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The study seems at its strongest exploring the inherent tension between devout imitatio and sacrilegious idolatry, a concern that Perry particularly foregrounds in the works of Cary and Milton. In contrast to Sidney’s hopeful view of imitatio as a vehicle for advancing Protestant piety and unity, these writers focus attention on its ‘‘vulnerability to the pervasiveness and intractability of human sinfulness ’’ (9). Some of these anxieties about imitation seem foundational to Christian theology, rather than emergent properties of the early modern historical moment: the presentation of Catholicism as a demonic parody of true Protestant Christianity, a staple in the rhetoric of figures like John Bale and John Foxe, has deep roots in the patristic identification of Satan as simia Dei, God’s ape. In this light, Edmund Spenser’s The Faerie Queene seems a surprising omission from the study, since the author was a peripheral member of the Sidney circle. Certainly the Letter to Raleigh, with its promise to ‘‘fashion a gentleman or noble person in vertuous and gentle discipline,’’ suggests that Spenser hoped that readers might emulate the qualities exemplified by his heroes and heroines, above all Prince Arthur. But even from the first cantos, the subtle disguises employed by figures like Archimago and Duessa reveal the destabilizing possibilities of imitation and the perilous failures of recognition that it entails. Professor Perry clearly anticipates this kind of inquiry, suggesting in the introduction that there could be ‘‘many other potential foci for this study, each of which would have produced a different (perhaps even radically different) version of the career of imitatio Christi in early modern England.’’ Indeed, the sense that there remains interesting work to be done along the same lines is a powerful proof of success in the task she sets for herself, to produce an ‘‘exemplary, rather than a definitive, work of scholarship’’ (11). James Ross Macdonald University of the South Michael Ward and Peter S. Williams, eds., C. S. Lewis at Poets’ Corner. Eugene, OR: Wipf and Stock, 2016. Pp vii + 246. ISBN 978-1-4982-0258-9. $33.00. C. S. Lewis at Poets’ Corner is a curious book, containing much that is good and some little that is not so good. On the one hand, it offers an interesting overview of the events before, during, and after November 21–23, 2013, when Lewis was honored by having a stone commemorating his life and work placed in the floor of Westminster Abbey, thus joining other English literary luminaries in Poets’ Corner, including Chaucer, Shakespeare, Joseph Addison, Jane Austen, William Wordsworth, the Brontë sisters, Alfred Lord Tennyson, Robert Browning, George Eliot, Thomas Hardy, T. S. Eliot, and Ted Hughes. On the other hand, it sometimes appears to be a cobbled together collection of apologetic addresses and essays, a panel discussion, the order of the memorial service itself, personal Book Reviews 549 reflections and a ‘‘gossipy’’ review of the memorial service, several subsequent conference lectures, and a reminiscence. These disparate elements hobble and weaken the book. As one who attended the apologetic symposium and panel discussion on November 21 as well as the memorial service on the following day, I was pleased with these contributions to the book. Alister McGrath’s address, ‘‘Telling the Truth through Rational Argument,’’ was a fitting way to begin the symposium held in the 11th-century sanctuary of St. Margaret’s Church (the parish church of the House of Commons and immediately adjacent to Westminster Abbey). McGrath with deft theological insight and rhetorical fluency presented a cogent discussion of Lewis’s well-known and frequently noted reliance upon reason in his apologetic writings. McGrath’s address was nicely balanced by poet Malcolm Guite’s ‘‘Telling the Truth through Imaginative Fiction,’’ a remarkably rich exploration of Lewis’s incisive use of imagination in his fiction and poetry. Fittingly, Guite leans heavily upon Lewis’s poem ‘‘Reason’’ as the fulcrum of his argument. He also quotes Lewis’s neat pairing of reason and imagination: ‘‘Reason is the natural organ of truth, but imagination is the organ of meaning.’’ C. S. Lewis at Poets’ Corner is worth buying solely on the basis of McGrath’s and Guite...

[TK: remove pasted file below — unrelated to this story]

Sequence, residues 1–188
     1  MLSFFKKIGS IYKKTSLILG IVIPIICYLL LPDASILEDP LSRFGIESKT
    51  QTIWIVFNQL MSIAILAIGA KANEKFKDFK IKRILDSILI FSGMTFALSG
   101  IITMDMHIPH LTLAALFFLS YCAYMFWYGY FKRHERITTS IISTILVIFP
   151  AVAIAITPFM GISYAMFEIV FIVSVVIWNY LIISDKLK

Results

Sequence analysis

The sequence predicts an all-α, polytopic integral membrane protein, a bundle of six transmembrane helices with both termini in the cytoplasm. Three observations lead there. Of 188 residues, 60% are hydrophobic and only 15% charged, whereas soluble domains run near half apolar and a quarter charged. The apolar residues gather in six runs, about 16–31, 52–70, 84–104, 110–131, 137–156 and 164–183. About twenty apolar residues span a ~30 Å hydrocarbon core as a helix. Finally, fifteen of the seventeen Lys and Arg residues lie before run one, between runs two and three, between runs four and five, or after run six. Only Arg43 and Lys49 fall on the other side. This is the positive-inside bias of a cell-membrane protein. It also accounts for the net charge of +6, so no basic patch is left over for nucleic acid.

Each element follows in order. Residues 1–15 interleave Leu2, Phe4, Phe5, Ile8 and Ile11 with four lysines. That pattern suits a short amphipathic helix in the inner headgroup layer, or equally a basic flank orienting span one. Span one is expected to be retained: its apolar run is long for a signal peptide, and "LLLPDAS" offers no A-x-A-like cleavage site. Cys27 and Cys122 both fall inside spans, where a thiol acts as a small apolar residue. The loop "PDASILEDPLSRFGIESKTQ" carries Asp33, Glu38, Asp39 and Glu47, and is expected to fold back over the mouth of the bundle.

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pp. 549-552
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